"At the end of the day, football is still football and you just can’t make too much on it than what it already is,” Newton said of the playbook. "(Offensive coordinator) Josh (McDaniels) has been there every step of the way as well as (quarterbacks) coach Jedd (Fisch). Just been hammering away. All the quarterbacks have been trying to learn this whole system from what it is."

Newton admittedly faces a tall task picking up the Patriots' offense in short order without the benefit of the on-field workouts of a traditional training camp.

The three-time Pro Bowler has his means of getting up to speed, though: Newton is a "visual learner" who famously relied on a large three-ring binder in Carolina stuffed with notes on the Panthers' offense.

"We all have our different methods of how we (learn) and go about different ways to retain as much information as possible,” Newton said. "I don’t think the binder is actually here, but some type of retention methods have adapted towards New England."

Newton has a few more weeks to study, but his first test -- the Patriots' 2020 season opener against the Miami Dolphins on Sept. 13 -- is rapidly approaching.

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For Josh McDaniels, adapting offense means tapping into Cam Newton's superpower

For Josh McDaniels, adapting offense means tapping into Cam Newton's superpower

Josh McDaniels wouldn’t trade his time with Tom Brady for anything.

But the Patriots offensive coordinator did point out Friday that those times Brady wasn’t at his disposal are very valuable right now as the Patriots offense does its post-Brady pivot.

“I’m thankful for the experiences that I’ve had when I didn’t have Tom,” McDaniels said on a video conference call. “Believe me, no one was happier to have him out there when he was out there for all the years I was fortunate to coach him.

"But I would say I did have some experience with the Matt Cassel year (in 2008), which I learned a lot about how to tailor something to somebody else’s strengths, we had to play that four-game stretch (in 2016) with Jacoby (Brissett) and Jimmy (Garoppolo), I thought that was helpful. And I was away for three years. So trying to really adapt … it’s not changing your system, it’s adapting your system to the talents and strengths of your players.”

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How will the Patriots offense change now that Brady’s gone has been a dominant topic of discussion this offseason. The six-time Super Bowl winners' strengths are well-documented and hard to replicate – absurd accuracy, poise, pocket-presence and the ability to decipher and manipulate defenses at will. Part of the reason they’re hard to replicate is that it took him a dozen years of monkish devotion to get where he was. Nobody’s got time for that.

So, after a couple of decades building a tower out of wooden blocks, the blocks are knocked down and scattered. And McDaniels starts building again. Same blocks. Different-looking structure.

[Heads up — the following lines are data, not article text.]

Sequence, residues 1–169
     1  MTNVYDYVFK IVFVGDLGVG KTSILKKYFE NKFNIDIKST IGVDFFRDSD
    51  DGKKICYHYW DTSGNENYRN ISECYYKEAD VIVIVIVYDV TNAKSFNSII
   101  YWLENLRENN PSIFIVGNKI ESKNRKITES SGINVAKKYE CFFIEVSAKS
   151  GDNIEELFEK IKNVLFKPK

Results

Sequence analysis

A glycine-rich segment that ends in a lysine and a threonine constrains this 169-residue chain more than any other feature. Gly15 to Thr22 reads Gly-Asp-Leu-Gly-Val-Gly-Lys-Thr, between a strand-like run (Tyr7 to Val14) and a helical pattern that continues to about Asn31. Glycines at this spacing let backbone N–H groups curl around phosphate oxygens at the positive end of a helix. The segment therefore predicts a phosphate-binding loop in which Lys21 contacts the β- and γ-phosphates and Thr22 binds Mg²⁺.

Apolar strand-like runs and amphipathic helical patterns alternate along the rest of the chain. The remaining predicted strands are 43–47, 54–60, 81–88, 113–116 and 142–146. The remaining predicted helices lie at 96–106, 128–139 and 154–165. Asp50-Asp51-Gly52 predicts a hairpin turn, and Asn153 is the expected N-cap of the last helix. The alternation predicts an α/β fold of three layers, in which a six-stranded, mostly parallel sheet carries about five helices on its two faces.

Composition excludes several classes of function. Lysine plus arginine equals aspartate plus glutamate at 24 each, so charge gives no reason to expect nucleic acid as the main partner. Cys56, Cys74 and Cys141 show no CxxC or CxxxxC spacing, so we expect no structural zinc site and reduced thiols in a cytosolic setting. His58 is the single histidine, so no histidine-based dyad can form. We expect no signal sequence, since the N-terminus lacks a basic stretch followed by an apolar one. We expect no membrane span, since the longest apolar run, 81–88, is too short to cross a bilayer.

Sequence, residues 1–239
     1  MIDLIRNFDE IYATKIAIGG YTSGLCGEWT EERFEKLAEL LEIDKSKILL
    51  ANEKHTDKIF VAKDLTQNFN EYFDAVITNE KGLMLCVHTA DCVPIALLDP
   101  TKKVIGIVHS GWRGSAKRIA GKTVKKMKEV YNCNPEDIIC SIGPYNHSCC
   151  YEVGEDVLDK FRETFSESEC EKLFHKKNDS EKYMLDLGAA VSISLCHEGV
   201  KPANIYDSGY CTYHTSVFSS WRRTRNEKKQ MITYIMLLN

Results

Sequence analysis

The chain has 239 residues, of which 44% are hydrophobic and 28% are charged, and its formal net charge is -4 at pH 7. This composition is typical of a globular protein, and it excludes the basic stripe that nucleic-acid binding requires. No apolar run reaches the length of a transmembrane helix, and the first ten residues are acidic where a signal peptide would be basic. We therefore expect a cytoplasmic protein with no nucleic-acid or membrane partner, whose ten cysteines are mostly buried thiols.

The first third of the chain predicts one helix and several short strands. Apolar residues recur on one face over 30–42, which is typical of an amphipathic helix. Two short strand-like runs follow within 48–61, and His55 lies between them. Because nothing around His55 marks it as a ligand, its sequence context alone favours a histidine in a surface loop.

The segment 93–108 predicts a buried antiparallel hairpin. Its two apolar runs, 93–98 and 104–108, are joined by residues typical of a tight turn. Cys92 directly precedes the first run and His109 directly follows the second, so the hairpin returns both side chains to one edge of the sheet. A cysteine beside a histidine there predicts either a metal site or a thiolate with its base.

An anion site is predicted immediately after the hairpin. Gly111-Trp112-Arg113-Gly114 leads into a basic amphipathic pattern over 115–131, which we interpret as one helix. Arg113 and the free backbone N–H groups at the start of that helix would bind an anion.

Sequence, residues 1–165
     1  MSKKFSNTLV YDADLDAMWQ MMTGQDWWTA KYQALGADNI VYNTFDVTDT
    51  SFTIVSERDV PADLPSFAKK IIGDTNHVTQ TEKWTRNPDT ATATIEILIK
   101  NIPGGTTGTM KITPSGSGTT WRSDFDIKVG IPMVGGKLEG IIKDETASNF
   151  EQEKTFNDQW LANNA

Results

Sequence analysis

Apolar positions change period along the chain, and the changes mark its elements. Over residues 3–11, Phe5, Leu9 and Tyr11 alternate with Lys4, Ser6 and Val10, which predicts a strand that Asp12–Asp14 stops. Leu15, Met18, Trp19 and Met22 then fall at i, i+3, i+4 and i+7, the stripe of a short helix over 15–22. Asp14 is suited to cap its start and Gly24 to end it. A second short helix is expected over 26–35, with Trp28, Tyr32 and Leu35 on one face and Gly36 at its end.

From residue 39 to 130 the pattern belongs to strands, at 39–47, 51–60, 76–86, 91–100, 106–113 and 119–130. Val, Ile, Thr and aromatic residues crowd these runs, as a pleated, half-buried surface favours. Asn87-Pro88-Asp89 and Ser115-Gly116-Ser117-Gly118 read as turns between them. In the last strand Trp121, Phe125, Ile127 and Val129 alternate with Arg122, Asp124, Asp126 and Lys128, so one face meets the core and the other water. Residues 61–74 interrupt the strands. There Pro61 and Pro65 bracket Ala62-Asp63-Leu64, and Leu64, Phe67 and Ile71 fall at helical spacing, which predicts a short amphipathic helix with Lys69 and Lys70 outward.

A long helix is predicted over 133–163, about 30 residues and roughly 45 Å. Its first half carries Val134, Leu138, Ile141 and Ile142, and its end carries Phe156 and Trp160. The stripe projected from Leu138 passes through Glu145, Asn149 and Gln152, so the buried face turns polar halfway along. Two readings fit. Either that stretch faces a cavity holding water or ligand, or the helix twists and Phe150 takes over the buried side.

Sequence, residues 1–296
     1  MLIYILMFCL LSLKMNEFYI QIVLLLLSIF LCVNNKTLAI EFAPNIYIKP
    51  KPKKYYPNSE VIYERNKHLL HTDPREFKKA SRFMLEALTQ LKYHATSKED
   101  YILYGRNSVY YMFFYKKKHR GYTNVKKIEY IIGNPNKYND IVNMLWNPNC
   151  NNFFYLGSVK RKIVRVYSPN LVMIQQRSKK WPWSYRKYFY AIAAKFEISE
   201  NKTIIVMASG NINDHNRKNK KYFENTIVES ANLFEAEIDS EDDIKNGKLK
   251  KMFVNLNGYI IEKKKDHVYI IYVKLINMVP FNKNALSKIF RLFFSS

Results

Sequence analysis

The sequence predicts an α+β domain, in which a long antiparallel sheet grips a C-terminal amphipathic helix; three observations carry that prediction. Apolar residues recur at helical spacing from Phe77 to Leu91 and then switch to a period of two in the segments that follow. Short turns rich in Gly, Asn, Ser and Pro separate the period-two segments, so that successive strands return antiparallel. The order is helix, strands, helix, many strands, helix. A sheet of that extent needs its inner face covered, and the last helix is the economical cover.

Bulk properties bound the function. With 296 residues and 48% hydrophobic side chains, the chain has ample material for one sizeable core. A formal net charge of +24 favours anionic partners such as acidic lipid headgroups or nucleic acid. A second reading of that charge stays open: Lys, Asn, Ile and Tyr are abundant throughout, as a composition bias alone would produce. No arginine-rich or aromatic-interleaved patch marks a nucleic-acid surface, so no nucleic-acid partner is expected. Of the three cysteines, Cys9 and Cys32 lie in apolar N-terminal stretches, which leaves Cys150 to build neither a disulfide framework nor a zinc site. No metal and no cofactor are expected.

“(We need to) adapt (the offense) to the players that we have,” said McDaniels. “So, again, you just have to keep telling yourself, ‘Do I really want us to be good at this? Or are we good at this?’ There’s a fine line between really pushing hard to keep working at something that you’re just not showing much progress in vs. ‘Hey, you know what, we’re a lot better at A, B and C then we are D, E and F, why don’t we just do more A, B and C?” I think as a staff we’ve really had a lot of conversations about those kinds of things.”

McDaniels has discussed in past seasons how developing an offense is a trial-and-error process. The difference this year is there is no chance for the “trial” portion. No joint practices. No preseason games. Obviously, no OTAs or minicamps.

“We can’t make any declarations about what we’re good at yet because we haven’t practiced,” McDaniels acknowledged. “I think everybody’s chomping at the bit, eager to get out there and start to make a few decisions about some things that we want to try to get good at, and if we’re just not making a lot of progress then we just have to shift gears and go in a different direction.

“But I’m going to lean on my experience and then I’m going to lean on the staff, coach Belichick, just to, (say), ‘Let’s be real with ourselves. Yeah, we used to be good at that. We’re not doing so hot at it so let’s just scrap it for now and move in a different direction.”

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Obviously, a direction they’ll move in will most likely be powered by the mobility of whoever the starting quarterback is, Jarrett Stidham or Cam Newton.

McDaniels pointed out that a player with the size, power and mobility of Newton does change things.

“It’s certainly not something I’m accustomed to using a great deal but you use whatever the strengths of your players that are on the field allow you to use, to try to move the ball and score points,” he said. “So whatever that means relative to mobility at the QB position, size and power, quickness, length, height with receivers … you go through the same thing many different times.”

Newton, said McDaniels, is the same as any other player who brings a unique talent.  

“I remember when you get a new receiver group … our receivers have changed quite a bit in terms of some of them were bigger … Randy Moss was a bigger guy and then we’ve had some smaller guys like Wes Welker and Danny Amendola, and then you have tight ends that are more fast straight-line players and then you have guys like Gronk and those kinds of players,” he pointed out.

“Regardless of what the position is, I think you try to use their strengths to allow them to make good plays and if that’s something we can figure out how to do well and get comfortable doing and feel like we can move the ball and be productive then we’re going to work as a staff to figure out how that works best, and try to utilize it if we can.”

In other words, when you have a player with a superpower - Moss' speed, Welker's quickness, Gronk's size, Brady's brain, Newton's power - , you tap into said superpower. ASAFP.